Someone told me the story of the gamut of emotions he experienced in the aftermath of being mugged. Rage, anxiety, feelings of powerlessness, and the desire for vengeance arose in a crescendo of intensity. After a time he realized that the mugger was in charge of his life. He thought about him, obsessed about him, feared him, and opened the door for the mugger to govern his heart. As he began to explore the depth of those feelings, to accept them and befriend them, he began to reclaim his heart and freedom. Vaclav Havel, the poet and statesman, wrote, "Hatred has much in common with desire. With both comes fixation on others, dependence on them, and, in fact, a delegation of a piece of our own identity to them. The hater longs for the object of his hatred, just as the lover longs for the object of his love."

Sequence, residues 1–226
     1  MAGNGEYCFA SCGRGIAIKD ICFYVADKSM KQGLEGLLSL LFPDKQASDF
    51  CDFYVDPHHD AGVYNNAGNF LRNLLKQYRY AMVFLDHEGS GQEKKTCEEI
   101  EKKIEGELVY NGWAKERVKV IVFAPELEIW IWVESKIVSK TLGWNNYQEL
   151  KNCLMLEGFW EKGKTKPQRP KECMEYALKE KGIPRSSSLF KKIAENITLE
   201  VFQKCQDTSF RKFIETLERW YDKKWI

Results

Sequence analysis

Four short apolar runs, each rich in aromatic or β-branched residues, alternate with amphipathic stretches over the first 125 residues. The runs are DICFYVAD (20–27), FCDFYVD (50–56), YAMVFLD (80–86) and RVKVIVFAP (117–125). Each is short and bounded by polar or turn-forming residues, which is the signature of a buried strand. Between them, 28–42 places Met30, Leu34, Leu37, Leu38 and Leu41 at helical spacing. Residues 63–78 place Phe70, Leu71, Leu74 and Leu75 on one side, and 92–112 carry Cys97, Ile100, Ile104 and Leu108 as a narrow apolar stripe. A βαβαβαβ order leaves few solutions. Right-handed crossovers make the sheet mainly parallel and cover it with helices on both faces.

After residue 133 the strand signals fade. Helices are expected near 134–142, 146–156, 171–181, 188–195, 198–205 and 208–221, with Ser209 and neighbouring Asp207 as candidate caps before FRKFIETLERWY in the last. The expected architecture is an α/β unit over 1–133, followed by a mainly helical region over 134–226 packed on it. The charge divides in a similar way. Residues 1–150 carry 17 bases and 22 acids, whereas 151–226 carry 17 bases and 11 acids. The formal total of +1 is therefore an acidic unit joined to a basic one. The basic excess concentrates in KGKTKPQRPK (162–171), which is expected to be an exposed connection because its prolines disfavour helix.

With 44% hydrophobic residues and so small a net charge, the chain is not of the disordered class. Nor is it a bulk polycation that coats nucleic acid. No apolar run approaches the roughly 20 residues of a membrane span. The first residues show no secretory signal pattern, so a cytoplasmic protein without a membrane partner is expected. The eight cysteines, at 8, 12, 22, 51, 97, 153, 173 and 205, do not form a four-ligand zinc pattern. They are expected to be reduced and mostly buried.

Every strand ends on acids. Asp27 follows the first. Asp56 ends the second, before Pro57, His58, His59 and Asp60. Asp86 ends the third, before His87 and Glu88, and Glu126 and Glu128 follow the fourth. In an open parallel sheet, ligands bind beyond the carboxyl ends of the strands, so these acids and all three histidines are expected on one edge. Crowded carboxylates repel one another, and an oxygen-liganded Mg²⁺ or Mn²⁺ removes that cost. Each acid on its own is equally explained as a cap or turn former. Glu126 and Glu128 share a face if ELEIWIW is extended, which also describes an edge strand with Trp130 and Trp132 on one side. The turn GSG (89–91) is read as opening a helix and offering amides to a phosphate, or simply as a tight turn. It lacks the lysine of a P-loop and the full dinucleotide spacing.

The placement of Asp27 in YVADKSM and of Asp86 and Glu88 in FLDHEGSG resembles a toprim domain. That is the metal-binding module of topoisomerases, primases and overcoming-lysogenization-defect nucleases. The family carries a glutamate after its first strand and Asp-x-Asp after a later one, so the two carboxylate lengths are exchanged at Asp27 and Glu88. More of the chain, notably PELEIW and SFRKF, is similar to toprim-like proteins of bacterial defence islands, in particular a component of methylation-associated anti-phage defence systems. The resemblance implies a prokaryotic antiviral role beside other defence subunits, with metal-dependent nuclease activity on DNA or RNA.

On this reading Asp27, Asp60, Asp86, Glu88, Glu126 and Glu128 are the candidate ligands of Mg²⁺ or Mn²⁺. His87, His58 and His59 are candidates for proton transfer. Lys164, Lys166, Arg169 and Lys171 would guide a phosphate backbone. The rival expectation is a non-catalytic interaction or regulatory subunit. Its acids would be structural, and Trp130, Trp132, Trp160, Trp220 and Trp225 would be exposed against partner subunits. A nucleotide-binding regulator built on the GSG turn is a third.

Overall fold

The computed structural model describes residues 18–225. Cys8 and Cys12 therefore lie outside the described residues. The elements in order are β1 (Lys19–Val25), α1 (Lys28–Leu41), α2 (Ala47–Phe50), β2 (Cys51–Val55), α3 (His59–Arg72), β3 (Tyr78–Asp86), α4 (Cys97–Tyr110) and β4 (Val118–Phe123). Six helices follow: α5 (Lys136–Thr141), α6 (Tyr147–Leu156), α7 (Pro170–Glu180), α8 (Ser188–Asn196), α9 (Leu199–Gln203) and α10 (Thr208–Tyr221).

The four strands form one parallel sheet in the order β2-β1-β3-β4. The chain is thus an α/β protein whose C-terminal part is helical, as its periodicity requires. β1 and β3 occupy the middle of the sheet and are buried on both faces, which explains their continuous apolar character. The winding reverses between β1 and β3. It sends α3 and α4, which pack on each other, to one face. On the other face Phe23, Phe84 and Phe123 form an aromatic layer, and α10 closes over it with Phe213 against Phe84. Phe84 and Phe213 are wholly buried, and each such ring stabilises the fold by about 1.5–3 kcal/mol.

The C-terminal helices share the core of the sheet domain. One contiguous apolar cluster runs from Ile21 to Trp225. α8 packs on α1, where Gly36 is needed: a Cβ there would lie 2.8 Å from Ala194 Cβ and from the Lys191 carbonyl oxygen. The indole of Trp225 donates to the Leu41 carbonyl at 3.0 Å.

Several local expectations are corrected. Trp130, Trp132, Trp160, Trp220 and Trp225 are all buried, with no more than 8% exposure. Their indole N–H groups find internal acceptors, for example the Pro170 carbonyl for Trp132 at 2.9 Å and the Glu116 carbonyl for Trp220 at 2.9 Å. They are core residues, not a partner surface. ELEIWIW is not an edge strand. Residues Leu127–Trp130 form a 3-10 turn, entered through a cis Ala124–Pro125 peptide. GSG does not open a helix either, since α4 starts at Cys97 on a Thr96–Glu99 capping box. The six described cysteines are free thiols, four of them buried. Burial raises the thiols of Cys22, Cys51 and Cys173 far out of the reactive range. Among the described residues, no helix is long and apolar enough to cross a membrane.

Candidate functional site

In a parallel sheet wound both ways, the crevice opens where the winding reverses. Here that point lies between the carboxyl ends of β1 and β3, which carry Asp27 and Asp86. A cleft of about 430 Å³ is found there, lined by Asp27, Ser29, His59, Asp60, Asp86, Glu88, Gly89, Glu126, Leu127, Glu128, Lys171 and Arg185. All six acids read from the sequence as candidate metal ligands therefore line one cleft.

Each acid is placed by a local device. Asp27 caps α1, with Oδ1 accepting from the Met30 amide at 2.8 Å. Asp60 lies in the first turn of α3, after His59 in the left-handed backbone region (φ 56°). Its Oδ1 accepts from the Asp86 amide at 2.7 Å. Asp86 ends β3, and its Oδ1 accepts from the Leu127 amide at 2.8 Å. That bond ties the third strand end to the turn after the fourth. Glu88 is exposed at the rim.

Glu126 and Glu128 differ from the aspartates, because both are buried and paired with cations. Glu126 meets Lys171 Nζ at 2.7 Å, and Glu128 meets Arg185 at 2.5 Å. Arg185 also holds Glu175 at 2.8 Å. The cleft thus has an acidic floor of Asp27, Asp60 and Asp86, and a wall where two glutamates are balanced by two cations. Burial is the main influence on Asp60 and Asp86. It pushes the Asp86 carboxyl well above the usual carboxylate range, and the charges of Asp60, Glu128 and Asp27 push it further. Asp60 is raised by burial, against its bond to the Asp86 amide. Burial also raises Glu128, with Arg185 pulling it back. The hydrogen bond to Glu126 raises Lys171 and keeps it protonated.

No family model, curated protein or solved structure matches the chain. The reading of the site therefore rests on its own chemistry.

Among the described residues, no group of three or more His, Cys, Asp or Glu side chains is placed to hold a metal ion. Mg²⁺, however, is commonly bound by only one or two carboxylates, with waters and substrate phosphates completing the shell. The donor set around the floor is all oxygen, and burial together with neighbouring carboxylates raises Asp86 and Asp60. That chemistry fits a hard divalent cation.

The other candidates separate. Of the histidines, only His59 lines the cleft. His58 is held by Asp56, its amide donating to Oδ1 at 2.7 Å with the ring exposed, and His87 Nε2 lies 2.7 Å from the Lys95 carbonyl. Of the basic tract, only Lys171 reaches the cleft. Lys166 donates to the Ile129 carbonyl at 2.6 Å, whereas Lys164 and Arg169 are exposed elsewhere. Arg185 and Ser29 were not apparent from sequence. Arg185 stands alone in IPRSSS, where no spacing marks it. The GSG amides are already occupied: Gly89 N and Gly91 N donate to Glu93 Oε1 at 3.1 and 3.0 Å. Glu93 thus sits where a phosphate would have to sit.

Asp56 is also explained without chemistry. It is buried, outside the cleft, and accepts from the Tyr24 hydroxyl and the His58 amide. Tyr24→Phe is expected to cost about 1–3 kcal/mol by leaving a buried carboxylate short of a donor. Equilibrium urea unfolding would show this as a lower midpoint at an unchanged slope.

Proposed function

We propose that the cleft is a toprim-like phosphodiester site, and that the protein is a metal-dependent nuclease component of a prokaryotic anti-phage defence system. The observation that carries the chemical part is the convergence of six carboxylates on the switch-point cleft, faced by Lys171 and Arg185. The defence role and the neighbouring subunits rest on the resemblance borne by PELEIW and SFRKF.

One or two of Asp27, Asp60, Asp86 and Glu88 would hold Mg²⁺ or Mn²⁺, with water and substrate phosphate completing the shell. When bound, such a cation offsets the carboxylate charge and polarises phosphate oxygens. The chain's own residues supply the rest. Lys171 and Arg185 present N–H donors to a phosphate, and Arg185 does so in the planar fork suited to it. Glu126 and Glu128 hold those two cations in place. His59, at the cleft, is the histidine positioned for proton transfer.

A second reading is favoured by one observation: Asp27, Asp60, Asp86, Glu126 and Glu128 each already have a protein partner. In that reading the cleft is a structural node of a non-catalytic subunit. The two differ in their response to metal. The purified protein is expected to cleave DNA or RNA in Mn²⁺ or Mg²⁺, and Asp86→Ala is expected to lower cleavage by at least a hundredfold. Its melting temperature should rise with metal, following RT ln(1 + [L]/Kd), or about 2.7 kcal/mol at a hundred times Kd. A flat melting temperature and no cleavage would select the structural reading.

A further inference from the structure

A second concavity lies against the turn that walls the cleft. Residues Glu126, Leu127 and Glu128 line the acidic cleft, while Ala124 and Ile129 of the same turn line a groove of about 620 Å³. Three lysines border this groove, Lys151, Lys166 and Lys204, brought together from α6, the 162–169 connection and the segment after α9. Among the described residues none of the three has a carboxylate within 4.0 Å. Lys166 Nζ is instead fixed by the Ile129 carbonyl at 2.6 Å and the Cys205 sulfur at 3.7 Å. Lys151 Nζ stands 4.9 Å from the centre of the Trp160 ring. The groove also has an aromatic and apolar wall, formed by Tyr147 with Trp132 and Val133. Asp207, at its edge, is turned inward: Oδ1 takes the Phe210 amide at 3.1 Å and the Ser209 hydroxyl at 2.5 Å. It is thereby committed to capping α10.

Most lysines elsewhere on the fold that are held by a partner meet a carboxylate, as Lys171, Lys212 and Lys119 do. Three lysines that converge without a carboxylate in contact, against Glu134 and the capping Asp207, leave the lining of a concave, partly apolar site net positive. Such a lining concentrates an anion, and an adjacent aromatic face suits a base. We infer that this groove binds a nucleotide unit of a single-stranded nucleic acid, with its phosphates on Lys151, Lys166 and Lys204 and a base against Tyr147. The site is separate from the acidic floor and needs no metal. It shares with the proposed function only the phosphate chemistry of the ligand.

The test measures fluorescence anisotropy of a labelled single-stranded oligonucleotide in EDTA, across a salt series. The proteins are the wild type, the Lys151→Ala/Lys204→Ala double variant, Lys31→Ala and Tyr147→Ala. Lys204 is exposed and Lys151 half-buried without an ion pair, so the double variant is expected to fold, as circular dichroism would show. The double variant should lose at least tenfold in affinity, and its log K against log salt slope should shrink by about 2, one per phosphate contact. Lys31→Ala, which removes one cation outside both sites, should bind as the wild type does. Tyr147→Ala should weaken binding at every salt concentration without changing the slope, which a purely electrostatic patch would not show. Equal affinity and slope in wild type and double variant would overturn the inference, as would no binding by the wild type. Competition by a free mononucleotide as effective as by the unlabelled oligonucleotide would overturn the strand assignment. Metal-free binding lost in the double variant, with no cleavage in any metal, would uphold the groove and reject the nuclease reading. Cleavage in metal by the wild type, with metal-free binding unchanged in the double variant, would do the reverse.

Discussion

Probing beneath the Surface: The second step in discovering emotional integrity and freedom lies in our willingness to probe beneath the concepts we use to define the emotional process. We use the words "angry," "sad," "happy," "jealous," and "fearful" to describe a many-textured experience that is impossible to describe by a single word. It is akin to describing a painting by its title. Our concepts, imposed upon a fluid, unfolding process, refer to the past and serve to interrupt the quality of attention we bring to that process in the present. We are tempted to define our identity by the concepts we impose upon our emotional life. We might refer to ourselves as an "angry" person, a "fearful" or "anxious" type, and come to believe these definitions to be the truth.